Part II of this evening's report covers a name and some Q&A not included in Part I.
Guardant Health (GH) was one of the service's biggest winners, +71% in two weeks during February en route to a +145% move that took four weeks. Since then, the stock has been forming a three-month cup pattern with a 42% depth. The depth is considered reasonable in light of the outsized move.
GH is an example of how we attempt to play a first-stage base and then follow that up with playing a second-stage base. The first attempt at a cheater entrance in the current second-stage base was a stop-out. The second attempt was successful, with a 15.9% MFE in five days thus far. Note the positive volume dry-up thus far this week, as well as the support found at the 9 ema.
This week, the medical -- services company has eased in line with the averages and other glamours. It sets up in a volatility contraction setup with entry at 88.46 and possible s/l pivot of 85.28 for about 3.7% risk. Earnings expected Aug. 8.
Q: Hi Kevin, I am a new subscriber to your service and I really like it so far. So keep up the great work. Like another subscriber, I also found the educational part on position sizing in the last two videos super interesting.
Now to my question: I was quite surprised to see TNDM still on the focus list today. The stock went down yesterday quite significantly on strong volume despite most stocks and the general market being up yesterday. RS line falling the last couple of days. So I would love to understand what your thoughts are to still consider TNDM a focus list stock. Thanks a lot! Best regards from Germany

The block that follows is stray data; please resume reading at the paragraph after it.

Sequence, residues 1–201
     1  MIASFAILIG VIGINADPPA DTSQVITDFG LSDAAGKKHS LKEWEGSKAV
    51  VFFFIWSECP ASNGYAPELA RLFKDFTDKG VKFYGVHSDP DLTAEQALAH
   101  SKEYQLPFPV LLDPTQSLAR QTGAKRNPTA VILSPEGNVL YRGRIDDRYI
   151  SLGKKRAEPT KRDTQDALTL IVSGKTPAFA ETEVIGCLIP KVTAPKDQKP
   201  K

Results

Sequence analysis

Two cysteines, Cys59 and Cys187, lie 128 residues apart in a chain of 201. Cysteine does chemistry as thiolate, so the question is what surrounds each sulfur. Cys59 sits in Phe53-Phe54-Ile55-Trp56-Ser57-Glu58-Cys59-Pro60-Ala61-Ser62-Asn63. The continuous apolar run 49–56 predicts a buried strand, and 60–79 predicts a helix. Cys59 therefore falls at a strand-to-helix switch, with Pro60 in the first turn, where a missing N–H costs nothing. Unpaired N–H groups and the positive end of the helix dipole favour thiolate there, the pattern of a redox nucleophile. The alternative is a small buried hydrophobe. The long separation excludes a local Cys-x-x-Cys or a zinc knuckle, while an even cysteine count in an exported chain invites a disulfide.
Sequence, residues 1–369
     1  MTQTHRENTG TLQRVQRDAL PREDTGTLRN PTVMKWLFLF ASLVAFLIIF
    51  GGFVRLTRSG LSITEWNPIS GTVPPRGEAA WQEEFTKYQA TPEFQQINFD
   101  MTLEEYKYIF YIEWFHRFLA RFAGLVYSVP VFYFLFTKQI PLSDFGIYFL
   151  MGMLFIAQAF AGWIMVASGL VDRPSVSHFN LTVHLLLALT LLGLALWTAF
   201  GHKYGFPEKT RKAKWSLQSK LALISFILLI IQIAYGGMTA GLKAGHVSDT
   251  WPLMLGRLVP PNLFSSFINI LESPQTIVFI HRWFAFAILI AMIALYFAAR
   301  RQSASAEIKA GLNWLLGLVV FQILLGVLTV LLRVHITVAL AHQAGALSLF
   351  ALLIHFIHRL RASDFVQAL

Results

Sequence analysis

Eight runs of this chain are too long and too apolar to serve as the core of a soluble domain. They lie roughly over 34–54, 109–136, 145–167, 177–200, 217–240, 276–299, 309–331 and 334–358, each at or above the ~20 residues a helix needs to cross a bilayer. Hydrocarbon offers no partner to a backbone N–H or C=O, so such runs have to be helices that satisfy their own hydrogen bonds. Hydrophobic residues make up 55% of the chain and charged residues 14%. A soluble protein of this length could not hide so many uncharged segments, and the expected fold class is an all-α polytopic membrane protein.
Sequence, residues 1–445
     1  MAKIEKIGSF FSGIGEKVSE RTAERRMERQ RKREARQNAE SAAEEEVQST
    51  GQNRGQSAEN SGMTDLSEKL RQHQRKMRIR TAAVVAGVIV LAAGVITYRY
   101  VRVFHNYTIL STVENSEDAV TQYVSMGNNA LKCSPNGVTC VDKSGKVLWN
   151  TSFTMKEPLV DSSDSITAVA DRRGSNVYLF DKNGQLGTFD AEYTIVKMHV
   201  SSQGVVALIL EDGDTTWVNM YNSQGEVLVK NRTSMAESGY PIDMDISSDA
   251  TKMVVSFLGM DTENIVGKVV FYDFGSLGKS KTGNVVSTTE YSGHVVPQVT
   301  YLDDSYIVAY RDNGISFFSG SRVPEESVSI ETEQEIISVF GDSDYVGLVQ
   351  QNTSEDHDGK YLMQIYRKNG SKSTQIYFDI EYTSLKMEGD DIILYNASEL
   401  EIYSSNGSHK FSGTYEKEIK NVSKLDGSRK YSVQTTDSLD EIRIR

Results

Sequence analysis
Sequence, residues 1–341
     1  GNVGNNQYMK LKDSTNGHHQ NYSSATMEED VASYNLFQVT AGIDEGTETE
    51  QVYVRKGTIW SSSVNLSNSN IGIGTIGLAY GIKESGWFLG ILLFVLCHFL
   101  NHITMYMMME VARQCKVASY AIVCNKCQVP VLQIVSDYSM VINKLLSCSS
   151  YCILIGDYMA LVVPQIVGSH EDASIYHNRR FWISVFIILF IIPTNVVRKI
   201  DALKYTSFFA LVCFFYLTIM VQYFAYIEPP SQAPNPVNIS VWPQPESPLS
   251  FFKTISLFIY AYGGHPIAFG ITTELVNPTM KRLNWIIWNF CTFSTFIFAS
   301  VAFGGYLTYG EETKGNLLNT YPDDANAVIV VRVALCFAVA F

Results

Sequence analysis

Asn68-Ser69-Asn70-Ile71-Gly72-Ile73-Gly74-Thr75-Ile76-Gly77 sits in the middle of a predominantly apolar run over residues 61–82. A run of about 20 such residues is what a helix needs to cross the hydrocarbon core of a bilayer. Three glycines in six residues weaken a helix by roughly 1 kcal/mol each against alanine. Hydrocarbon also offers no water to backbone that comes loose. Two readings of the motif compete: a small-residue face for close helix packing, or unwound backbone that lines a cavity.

A: Thank you for the kind words and your question. First, the technicals: TNDM did not violate its 50-day line, has shown good relative strength line slope for nearly two months, and may have been the No. 1 performer of '18, up from 2.14 to 52.55 in just seven months, a 2,356% move. Names that have proven they have done it before are favored.
Second, the fundamentals. The company has made large strides in narrowing its annual deficits toward becoming profitable. Equally if not more important, revenue growth has accelerated from 60% to 71% to 89% to 142% in the most recent three quarters.
Third, stocks are like people. Very few if any are perfect. Nearly every one will show one or more blemishes. Yet if you have studied big-winning stocks, you realize this more than can be explained in an answer like this.
Finally, while we never want to allow a stock to overstay its welcome, TNDM has not reached that point yet. Thanks again for the good question.
Q: Hi Kevin – I enjoy the educational commentary that you take the time to provide. Speaking of which, when your column was up at MarketWatch, you had mentioned a potential set-up that you called a two or three-day rest/pause.
I have seen stocks that spike on huge volume, come in for a few days and then resume their climb but have yet to find a constructive way to take an entry, other than to take a small position upon a resumption of the uptrend, provided that price doesn't exceed the prior high by too much. In your reports you do discuss smaller shelves or ledges (not a proper handle).